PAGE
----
When the valve is to be closed, the magnetic field is switched
off and because of the continuous pumping, the solidified MR
fluid is broken up and the built-up pressure vanishes. So the
bellow is no more pressurized internally, hence by virtue of its
shape, it acts like a spring and comes back to its original
Hence, the valve is opened and closed by controlling the time at
which MR fluid is magnetized and de-magnetized.
Option B: It is proposed to use the pressure in the cylinder side
to close the inlet port with poppet valve. When the pressure on
the cylinder side increases beyond the internal pressure of the
convolutions, the return reciprocating motion of the valve starts.
On solidification of MR fluid wall thickness of convolute spring
increases and valve remains open for longer duration. To
understand the operation of proposed inlet valve, let us consider
the process of suction stroke. During the suction stroke,
pressure in the cylinder would be lesser than atmospheric
pressure, and this sub-atmospheric condition would allow
internally pressurized convoluted spring to expand
completely and open the inlet port of cylinder. During the start
of the compression stroke too, the inlet valve would remain for
a few degrees of the crank rotation to enhance the engine
performance. This way inlet valve would work satisfactorily.
At higher engine speeds, better breathing of cylinder is essential
and for that purpose inlet valve need to remain open for longer
duration in terms of crank-angle. This can be achieved by
hardening the MR fluid, which in turn increases the wall
thickness of convoluted spring. Increased thickness of
convolute springs requires higher pressure to get compressed.
Higher cylinder pressure during compression stroke means
longer duration in terms of crank-angle. Therefore on hardening
MR fluid, the inlet valve remain would remain open for longer
duration in terms of crank-angle. Thus, inlet valve meets its
functional requirements at low as well as at high speeds. As this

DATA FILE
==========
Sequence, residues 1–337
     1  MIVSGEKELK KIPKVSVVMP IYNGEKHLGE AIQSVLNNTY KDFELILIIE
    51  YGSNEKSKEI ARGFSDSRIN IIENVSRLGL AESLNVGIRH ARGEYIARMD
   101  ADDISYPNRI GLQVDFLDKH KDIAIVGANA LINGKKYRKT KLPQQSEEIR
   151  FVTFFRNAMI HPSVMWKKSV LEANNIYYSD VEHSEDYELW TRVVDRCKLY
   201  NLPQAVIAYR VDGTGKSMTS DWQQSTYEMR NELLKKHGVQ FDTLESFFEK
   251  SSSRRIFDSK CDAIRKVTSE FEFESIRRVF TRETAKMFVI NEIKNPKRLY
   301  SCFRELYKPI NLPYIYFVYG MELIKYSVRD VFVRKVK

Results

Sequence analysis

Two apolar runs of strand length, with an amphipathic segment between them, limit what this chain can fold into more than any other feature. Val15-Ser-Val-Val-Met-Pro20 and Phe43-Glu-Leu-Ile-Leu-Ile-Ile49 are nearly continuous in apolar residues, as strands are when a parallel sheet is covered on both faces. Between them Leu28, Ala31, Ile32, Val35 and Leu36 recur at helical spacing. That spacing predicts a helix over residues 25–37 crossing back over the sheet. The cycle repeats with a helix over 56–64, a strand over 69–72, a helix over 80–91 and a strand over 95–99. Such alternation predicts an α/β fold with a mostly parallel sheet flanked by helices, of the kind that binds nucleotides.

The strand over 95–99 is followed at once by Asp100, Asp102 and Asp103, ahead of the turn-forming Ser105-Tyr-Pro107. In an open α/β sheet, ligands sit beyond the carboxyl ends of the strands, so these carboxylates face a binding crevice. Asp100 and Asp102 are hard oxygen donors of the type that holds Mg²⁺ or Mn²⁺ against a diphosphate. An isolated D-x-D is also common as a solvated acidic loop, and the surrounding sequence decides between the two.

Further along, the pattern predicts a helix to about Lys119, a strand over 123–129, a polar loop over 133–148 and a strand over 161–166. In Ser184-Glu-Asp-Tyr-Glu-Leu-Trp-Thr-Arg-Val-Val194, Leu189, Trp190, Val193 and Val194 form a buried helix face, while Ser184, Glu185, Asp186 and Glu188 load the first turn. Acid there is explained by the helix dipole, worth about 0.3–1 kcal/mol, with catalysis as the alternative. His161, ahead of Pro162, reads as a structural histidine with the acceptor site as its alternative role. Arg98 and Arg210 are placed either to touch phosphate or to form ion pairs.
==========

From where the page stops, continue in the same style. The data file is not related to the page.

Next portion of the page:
option does not require any pump and pipe fitting, therefore this
option of valve train is cost effective solution and can be named
as Innovative Engine Valve train.

Figure 10: Model of convolution configuration valve

Table 1: Theoretical study on number of convolutions and wall
of Thickness Pressure Convolution
convolution (mm)
(MPa) depth (mm)
radius of
8mm with
8mm with
9mm with

Stress Deflection
(MPa) (mm)







Based on the results, six convolutions with thickness of 0.2 mm

and depth of 9 mm were considered for detail analysis. Detailed
geometry is shown in Fig. 11.


Finite element analysis of the convolution concept has been
carried out basically to decide the dimensions of convolute
spring for a typical 10 mm lift of conventional (solid) poppet
valve. The stresses and deflections have been determined to
ensure that they are as per requirements. Theoretical results of
FEM study carried out on geometric model shown in Fig. 10,
are tabulated below:
Figure 11: Convolution dimensions
Three dimensional 10-node tetrahedral structural solid elements
(size: 0.4mm), which can take up large deflection, were used
for finite element analysis. Titanium material, having Young's

Page 215

International Journal of Scientific Engineering and Technology

Volume No.4 Issue No.3, pp: 212-217

(ISSN : 2277-1581)
01 March. 2015

modulus equal to 105 GPa and Poisson's ratio equal to 0.37, was
used for the present FEM analysis. The meshed model of
convoluted spring is shown in Fig. 12.

Figure 14: Von-Mises Stresses

The proposed valve train eliminates the cam, camshaft,
pushrod, etc. which is required in conventional engine valves.
With this innovative valve train the engines frictional losses can
be reduced substantially. However for adoption of this concept
Figure 12: Meshed model
This model contains 430457 elements and 850687 nodes. To a detailed fatigue analysis and experimental study is required.
apply boundary conditions, the top surface of bellow was
constrained. Gauge hydrostatic pressure equivalent of 0.06 MPa REFERENCES
Teodorescu M., Taraza D., Henein N.A.,
was kept as internal pressure within the convoluted spring.
Analysis of Dynamics and
Overall axial displacement and Von-Mises stress distribution
are shown in Fig. 13 and Fig. 14 respectively.
Michalski J., Marszalek J., and Kubiak
These results demonstrate the feasibility of assembling
convoluted spring and poppet valve as innovative valve train. K., An experimental study of diesel engine cam and follower
However, detailed experimental and theoretical analyses are wear with particular reference to the properties of the
materials, Wear, 240, 2000, 168179.
required to establish the feasibility of this concept.
Liou J. J., Huang G. and Hsu W.,
of a Variable Pressure Damper on an